Etna (sternwheeler)

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Etna (sternwheeler) circa 1915.jpg
Etna on the Lewis River, pushing a barge, sometime between 1906 and 1911.
History
Name: Etna
Owner: Etna Transportation Co.
Operator: Lurlie Gray
Route: Lewis River
In service: 1906
Out of service: 1919
Identification: U.S. #203622
Fate: Sunk by drifting logs
General characteristics
Tonnage: 41 gross tons
Length: 60 ft (18.29 m)
Beam: 11.4 ft (3.47 m)
Depth: 3.6 ft (1.10 m) depth of hold
Installed power: 30 hp gasoline engine (1906-1907); replaced by twin steam engines, horizontally mounted, cylinder bore 5.0 in (127.0 mm) and stroke of 2.67 ft (0.81 m).
Propulsion: stern-wheel
Capacity: 10 tons deadweight of freight

Etna was a steamboat that operated on the Lewis and Lake rivers of southwestern Washington from 1906 to 1919. As built in 1906 Etna was originally powered by a gasoline engine, but in 1907 it was converted to steam-powered vessel.

Etna was named after Etna, Washington, a settlement on the south side of the Lewis River, in Clark County. Etna's principal activity was supporting the logging camps and lumber mills in the Lewis river area.

Etna was a light draft vessel which was essential for operating in the shallow water of the upper Lewis River. Even then, operation of Etna was substantially affected by the rise and fall of river levels, which were generally seasonal.

Small craft like Etna on the Columbia River system were sometimes referred to at the time as the "mosquito fleet"[1]

Construction[edit]

Etna was built in Portland, Oregon in 1906 for Horace Campbell by the Portland shipyard of Joseph Supple.[2][3] Campbell was a steamboat engineer with extensive experience on the Lewis and Lake rivers.[4]

Dimensions[edit]

Etna was 60 ft (18.29 m) exclusive of the extension of the deck over the stern, called the fantail, on which the stern-wheel was mounted.[2]

Etna had a beam of 11.4 ft (3.47 m) exclusive of the protective timbers along the upper sides of the hull called guards.[2] The vessel had a depth of hold of 3.6 ft (1.10 m).[2]

The overall size of the vessel was 41 gross tons (a measure of volume and not weight) and 40 registered tons.[2]

Etna could carry about 10 tons deadweight of freight.[5] The official merchant vessel registry number was 203622.[2]

Machinery[edit]

Horace Campbell, steamboat engineer and first owner of Etna, image from 1895 or earlier.

The original power for Etna was a 30 horsepower gasoline engine.[6]

In August 1907, Horace Campbell had Etna converted from a gasoline engine to a steam-powered vessel.[7] The steam power plant consisted of twin high-pressure single cylinder engines, horizontally mounted, each with a cylinder bore 5.0 in (127.0 mm) and stroke of 2.67 ft (0.81 m).[2]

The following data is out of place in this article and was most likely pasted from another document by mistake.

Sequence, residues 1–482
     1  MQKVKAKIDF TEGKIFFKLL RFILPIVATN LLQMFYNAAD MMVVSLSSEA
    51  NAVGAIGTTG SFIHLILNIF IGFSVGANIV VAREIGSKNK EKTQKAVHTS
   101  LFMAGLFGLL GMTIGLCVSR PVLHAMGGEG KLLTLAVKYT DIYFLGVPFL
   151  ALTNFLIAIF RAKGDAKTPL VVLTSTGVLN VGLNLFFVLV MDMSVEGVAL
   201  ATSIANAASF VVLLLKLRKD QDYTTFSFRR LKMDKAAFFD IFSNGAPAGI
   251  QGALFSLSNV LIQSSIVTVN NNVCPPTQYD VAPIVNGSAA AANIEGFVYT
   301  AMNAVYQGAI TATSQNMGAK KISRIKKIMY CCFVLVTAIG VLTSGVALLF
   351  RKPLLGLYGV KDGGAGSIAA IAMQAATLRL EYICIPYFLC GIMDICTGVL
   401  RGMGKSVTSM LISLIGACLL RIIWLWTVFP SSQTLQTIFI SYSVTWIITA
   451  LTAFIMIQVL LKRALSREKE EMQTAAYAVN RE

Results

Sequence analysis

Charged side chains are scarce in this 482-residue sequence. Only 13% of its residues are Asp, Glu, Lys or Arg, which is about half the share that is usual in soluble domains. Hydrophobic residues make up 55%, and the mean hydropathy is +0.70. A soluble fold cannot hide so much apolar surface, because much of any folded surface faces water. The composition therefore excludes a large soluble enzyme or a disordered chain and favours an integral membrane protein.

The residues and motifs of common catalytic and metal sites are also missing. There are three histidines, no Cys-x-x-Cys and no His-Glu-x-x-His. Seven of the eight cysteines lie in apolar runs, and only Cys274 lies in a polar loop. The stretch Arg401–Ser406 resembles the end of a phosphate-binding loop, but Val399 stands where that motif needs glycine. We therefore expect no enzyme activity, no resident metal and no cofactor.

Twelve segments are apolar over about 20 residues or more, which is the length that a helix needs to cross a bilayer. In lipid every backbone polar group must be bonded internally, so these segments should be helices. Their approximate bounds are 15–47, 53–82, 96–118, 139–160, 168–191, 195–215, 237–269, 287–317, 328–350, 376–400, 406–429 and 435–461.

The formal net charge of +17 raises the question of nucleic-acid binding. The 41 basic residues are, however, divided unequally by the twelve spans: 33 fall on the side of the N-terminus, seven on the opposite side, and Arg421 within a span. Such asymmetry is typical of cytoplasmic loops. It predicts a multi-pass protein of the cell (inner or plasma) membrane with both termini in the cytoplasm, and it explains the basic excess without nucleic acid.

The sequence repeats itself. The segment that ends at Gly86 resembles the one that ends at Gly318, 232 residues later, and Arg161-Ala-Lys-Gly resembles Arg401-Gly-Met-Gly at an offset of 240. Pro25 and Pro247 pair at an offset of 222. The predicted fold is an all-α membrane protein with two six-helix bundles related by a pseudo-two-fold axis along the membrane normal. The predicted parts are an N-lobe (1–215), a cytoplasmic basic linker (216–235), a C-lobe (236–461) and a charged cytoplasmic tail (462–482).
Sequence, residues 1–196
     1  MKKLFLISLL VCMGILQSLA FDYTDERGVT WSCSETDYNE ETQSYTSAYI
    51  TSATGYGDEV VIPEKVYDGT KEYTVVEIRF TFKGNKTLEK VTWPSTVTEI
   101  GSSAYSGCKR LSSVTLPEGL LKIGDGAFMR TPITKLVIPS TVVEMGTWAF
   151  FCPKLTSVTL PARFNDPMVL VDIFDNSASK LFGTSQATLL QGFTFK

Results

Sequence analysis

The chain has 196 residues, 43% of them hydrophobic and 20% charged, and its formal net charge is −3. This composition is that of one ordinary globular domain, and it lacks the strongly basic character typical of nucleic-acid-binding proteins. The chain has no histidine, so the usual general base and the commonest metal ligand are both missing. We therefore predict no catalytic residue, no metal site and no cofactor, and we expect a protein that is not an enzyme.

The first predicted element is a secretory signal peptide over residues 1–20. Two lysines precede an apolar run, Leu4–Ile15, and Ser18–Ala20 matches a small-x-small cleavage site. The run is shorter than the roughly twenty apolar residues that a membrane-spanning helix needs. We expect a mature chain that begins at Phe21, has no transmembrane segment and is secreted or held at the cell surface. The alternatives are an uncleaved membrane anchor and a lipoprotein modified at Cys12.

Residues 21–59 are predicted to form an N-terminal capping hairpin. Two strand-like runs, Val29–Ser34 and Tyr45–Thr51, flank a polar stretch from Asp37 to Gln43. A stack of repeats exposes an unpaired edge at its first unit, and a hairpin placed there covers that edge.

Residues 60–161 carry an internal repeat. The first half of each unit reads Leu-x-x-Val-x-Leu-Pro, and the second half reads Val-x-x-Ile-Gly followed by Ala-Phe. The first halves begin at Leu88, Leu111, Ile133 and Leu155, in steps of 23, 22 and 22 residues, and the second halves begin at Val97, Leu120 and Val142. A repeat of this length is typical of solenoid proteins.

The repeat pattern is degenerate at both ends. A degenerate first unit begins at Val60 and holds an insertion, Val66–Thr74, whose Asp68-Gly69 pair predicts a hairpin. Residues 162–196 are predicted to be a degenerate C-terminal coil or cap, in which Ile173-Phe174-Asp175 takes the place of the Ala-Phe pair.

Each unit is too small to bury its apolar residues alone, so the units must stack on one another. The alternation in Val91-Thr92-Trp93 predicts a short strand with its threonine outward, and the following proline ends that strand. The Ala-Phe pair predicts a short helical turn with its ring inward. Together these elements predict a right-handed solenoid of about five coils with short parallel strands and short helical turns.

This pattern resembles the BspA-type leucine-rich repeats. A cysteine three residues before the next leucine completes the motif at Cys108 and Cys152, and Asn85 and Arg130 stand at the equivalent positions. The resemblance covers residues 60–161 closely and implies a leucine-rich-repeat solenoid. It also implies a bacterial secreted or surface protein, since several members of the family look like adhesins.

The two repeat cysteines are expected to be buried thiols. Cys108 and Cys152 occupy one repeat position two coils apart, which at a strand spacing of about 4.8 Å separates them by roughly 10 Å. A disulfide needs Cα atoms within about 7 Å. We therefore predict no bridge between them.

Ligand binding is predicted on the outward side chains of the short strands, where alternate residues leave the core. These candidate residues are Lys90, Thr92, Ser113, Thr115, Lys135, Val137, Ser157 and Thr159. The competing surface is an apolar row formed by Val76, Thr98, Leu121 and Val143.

In December 1912, Etna Transportation Company, owners of Etna, bought an electric generator to install on the steamer.[8] Electric lights were made necessary because of the increased level of traffic on the river required the steamer to operate during darkness, particularly in the winter when the days were shorter.[8]

Career[edit]

Horace Campbell planned to use Etna on the Lewis River route in conjunction with the sternwheeler Mascot.[7] Logging camps and mills up the Lewis river depended on shallow-draft steamers like Etna to bring in supplies.[9] Etna also carried passengers.[9]

Proposed transfer to Willamette River[edit]

In June 1910, when low water barred navigation on the Willamette River above Newberg, Oregon, and government dredging operations had ceased, there was talk among the farmers along the river between Newberg and Wheatland of securing the steamer Etna, then running on the Lewis River, to carry freight on the Willamette.[5]

Low water 1910[edit]

On October 6, 1910, early rains raised the water level high enough on the north fork of the Lewis River so that Etna could navigate on the route.[10] This was about three or four weeks before the water was usually deep enough for Etna to make the trip on the north fork [10]

Grounding in 1911[edit]

In mid-February 1911, Etna struck a boulder and had to be taken to Joseph Supple’s shipyard in Portland to be repaired.[9] The repairs were complete by February 26, but the steamer still could not ascend the Lewis River because of low water, there having been no recent rain or warmer weather to melt the mountain snows.[9]

Dam construction material[edit]

In March 1911 it was "practically decided" that Etna, running under Captain Lurlie Gray, would be used to transport material and supplies to be used in construction of a power dam about 30 miles upriver from Woodland, Washington.[11] The river then stood at 3.8 feet and it was expected that Etna would have no difficulty reaching Ariel, Washington, the head of navigation.[11]